Sunday, February 05, 2006

72 hours

In the wake of the revelation of about the NSA wiretapping story, most of the discussions have focused on whether or not the President has overstepped the limits of the law. And obviously, this is the core issue. But one of the things that irritates me about this discussion is this notion that 72 hours is akin to an eternity. The subtext is: gosh, three days is a long time just to get somebody to say "OK". 72 hours in government is the blink of an eye. The government is a lumbering morass. Public bueauracracies tend to be, some less so than others, but nonetheless. This is largely because they cannot be purely concerned with efficiency. Public organizations pick winners and losers every day, thus efficiency as a primary organizational goal, is insufficient. As a result, 72 hours, what may seem like a fair amount of time is not.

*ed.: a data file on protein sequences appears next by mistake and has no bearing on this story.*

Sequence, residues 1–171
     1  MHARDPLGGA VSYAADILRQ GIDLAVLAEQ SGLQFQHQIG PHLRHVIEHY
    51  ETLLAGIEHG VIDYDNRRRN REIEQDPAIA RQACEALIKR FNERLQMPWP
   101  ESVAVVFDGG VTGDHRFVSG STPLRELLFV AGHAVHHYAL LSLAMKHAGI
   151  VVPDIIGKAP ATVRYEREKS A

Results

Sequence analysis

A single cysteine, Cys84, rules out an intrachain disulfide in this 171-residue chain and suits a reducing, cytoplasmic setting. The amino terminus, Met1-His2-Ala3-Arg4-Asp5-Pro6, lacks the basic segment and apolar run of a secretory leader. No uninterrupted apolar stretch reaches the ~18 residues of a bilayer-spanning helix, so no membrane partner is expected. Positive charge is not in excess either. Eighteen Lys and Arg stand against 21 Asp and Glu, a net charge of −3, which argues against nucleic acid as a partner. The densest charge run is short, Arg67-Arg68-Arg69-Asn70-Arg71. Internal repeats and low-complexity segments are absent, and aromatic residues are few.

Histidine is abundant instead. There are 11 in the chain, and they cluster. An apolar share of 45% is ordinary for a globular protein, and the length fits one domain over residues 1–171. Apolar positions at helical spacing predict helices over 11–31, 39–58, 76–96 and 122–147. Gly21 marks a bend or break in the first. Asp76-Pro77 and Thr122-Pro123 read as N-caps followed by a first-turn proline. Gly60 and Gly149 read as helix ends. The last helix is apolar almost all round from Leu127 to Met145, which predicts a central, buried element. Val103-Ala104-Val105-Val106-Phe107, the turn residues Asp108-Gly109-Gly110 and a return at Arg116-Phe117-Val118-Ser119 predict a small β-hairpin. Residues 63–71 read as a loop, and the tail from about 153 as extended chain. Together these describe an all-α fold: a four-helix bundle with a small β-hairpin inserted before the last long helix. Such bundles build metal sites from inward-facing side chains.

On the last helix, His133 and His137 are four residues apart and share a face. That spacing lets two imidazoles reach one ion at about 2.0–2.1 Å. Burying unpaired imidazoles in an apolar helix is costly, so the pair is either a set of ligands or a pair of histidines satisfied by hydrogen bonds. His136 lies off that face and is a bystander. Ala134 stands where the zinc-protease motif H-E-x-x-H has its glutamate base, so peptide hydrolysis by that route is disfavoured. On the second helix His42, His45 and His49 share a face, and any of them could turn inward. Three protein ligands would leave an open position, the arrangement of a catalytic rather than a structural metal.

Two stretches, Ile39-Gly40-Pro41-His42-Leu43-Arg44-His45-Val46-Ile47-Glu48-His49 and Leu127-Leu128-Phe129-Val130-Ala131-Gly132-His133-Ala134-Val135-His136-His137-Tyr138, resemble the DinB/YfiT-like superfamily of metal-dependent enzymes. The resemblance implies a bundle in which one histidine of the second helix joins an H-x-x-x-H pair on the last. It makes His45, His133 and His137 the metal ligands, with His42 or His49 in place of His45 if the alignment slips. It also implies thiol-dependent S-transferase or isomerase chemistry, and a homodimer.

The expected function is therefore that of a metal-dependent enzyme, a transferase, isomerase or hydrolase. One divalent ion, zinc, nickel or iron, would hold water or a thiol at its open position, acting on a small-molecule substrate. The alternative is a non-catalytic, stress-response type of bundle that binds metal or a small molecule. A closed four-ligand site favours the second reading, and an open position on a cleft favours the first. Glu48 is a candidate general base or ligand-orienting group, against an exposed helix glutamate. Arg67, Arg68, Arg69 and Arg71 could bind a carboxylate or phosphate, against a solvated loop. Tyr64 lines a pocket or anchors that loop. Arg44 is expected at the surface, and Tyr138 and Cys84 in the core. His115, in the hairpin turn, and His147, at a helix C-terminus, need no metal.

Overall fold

3 comments:

archduke f. f. said...

But isn't the whole point of the FISA to make the process easily accomplished in 72 hours? Instead of having to go through federal court, the president need only go to the Foreign Intelligence Services Court in order to get his warrant. Failing that, he can actually call up Al Gonzales and get the same warrant at any time. According to wikipedia, they only turned down something like 5 requests in 2004, which means it's basically a given that you'll get your warrant, if you want to actually follow the law.

Mandingo said...

I like what you're saying here, aff. But you cited wikipedia (?)

tegwarrior said...

yes, bureaucracies tend to be slow. but FISA is not a bureaucracy. And the normal process of getting a warrant is hardly bureaucratic. It all happens pretty quickly. Take a look at normal warrant request procedures- those hardly take 72 hours to create and file... why should this be different. FISA just adjusts the prior authorization angle.